How to Make French Onion Soup

In a medium saucepan, pour the beef stock. Toss in a few thyme sprigs (save one or two for garnish), dry white wine, sherry, and Worcestershire sauce to the pan. Cook the stock mixture for approximately 5 minutes or until it turns aromatic. Take the thyme sprigs out. If necessary, season with salt and pepper.

Preheat the oven to 375 degrees Fahrenheit. Place a sheet of aluminum foil on a baking sheet and fold the edges up to create a sheet within a sheet.

In two French onion soup bowls, divide the caramelized onions. Pour the stock over the onions with care, leaving 1/2 inch space in the basin. Place four pieces of a French baguette on top of the soup after toasting them.

Add 1/2 cup grated Gruyère to each bowl of toasted baguette pieces. Remove the leaves off the thyme sprigs and spread them over the cheese.

Bake for 10 minutes at 375 degrees Fahrenheit, or until the soup is bubbling and the cheese has melted. Broil for a minute or two to add color to the cheese while keeping a careful watch. Remove from the oven and serve right away. 

Instructions For Making Ahead and Storing Leftovers

French Onion Soup is a great ‘make ahead’ soup recipe, so it was a favorite menu option for dinner parties in the 1960s and 1970s. Each component may be manufactured ahead of time, and assembly takes just a few minutes. You can have your first course ready in 15 minutes with absolutely little work.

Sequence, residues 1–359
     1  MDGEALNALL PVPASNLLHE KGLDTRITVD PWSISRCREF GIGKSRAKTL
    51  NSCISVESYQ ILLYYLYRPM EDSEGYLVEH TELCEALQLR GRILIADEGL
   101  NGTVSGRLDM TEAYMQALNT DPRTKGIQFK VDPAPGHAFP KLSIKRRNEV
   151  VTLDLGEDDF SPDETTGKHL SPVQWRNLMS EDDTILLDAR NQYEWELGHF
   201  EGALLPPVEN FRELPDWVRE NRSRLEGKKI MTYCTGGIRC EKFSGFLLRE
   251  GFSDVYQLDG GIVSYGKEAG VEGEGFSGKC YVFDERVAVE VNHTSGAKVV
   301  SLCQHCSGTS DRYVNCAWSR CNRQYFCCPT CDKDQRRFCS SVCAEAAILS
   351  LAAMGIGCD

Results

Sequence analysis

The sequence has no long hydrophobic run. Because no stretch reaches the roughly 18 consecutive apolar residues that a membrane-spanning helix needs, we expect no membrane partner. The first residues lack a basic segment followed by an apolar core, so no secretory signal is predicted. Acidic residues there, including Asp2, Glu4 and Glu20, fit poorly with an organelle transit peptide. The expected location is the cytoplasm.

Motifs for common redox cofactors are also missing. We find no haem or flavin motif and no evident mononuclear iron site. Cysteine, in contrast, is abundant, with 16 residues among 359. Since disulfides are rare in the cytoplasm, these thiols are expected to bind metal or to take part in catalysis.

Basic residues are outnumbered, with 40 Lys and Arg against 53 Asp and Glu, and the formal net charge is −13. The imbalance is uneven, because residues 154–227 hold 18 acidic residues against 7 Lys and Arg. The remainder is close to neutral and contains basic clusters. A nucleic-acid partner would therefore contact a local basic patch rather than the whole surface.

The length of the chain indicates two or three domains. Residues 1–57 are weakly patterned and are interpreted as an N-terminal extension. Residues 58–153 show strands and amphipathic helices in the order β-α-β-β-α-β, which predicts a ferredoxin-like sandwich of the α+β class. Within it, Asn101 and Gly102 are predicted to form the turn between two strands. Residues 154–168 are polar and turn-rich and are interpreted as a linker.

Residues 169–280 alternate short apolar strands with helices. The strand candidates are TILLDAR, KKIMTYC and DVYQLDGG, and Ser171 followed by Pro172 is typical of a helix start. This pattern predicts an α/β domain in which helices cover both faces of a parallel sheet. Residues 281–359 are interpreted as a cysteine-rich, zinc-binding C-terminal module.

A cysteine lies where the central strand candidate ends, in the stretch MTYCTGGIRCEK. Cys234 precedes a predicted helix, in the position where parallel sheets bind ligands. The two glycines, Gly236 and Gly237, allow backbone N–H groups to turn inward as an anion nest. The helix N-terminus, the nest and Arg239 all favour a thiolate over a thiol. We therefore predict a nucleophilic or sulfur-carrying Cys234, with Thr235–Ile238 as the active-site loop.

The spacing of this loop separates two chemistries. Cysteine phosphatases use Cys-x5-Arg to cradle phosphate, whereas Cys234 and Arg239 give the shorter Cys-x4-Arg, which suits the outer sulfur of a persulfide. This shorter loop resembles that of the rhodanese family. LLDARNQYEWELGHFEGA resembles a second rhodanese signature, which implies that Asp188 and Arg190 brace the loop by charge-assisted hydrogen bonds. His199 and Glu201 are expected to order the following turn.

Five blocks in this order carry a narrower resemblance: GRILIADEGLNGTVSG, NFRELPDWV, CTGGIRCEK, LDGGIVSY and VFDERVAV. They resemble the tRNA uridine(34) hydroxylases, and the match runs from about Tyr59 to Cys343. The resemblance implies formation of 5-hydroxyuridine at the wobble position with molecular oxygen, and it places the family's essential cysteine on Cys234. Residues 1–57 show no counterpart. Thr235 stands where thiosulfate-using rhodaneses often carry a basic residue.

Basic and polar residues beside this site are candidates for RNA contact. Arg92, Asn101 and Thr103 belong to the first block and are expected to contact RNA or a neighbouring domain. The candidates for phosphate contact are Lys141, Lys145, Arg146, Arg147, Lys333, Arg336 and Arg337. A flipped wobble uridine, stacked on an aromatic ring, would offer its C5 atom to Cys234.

Not only that, but French Onion Soup keeps nicely in the freezer. I always prepare extra to wash the soup bowls and then refill them with onions and broth. I freeze them overnight, then use a little hot water to melt the exterior just enough to release it. As a result, the soup portion will be precisely the right size and shape for your bowls/ramekins.

Freeze the soups for up to three months in a freezer bag. Preheat the oven to 400 degrees F and set the frozen soup block in the bowl/ramekin to reheat. Place a sheet of aluminum foil on a baking sheet and fold the edges up to create a sheet within a sheet.

Bake the bowls for 30 minutes at 400 degrees F on the prepared baking sheet. Toasted bread slices or cubes and grated cheese go on top. Bake for a further 10 minutes, or broil if desired.